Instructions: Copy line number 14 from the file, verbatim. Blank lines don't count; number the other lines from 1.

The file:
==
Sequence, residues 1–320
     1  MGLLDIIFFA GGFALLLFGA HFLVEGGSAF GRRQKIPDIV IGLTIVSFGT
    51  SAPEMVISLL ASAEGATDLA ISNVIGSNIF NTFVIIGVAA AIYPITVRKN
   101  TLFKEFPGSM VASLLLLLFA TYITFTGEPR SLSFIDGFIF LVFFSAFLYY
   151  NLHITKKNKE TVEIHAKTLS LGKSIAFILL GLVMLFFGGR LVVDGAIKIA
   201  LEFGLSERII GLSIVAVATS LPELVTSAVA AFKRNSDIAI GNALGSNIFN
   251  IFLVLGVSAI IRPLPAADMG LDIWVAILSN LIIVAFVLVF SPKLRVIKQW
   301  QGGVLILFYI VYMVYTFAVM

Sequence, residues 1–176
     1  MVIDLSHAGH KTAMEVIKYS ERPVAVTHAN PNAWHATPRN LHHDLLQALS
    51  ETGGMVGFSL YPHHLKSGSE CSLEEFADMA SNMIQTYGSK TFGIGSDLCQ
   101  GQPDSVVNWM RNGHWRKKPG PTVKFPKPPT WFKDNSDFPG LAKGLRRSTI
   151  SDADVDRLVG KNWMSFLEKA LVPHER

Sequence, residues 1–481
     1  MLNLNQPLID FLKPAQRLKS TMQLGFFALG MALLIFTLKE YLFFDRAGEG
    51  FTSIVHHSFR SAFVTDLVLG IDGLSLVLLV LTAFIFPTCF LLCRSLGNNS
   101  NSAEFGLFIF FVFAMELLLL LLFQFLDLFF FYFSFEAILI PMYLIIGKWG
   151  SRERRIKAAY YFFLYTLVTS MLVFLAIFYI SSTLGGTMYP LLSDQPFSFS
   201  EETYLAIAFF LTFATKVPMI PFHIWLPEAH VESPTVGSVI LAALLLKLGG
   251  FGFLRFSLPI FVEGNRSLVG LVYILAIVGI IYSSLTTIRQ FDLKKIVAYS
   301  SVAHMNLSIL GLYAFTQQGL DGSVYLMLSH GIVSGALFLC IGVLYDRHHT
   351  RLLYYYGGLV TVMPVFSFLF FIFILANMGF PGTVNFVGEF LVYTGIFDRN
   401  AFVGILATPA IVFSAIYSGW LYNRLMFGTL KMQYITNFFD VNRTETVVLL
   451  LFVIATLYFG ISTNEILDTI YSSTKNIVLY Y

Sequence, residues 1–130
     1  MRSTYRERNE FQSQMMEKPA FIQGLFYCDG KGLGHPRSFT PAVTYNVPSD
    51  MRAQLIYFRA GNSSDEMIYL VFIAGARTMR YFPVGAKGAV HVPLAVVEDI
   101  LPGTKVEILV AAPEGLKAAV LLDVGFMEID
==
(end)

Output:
Sequence, residues 1–481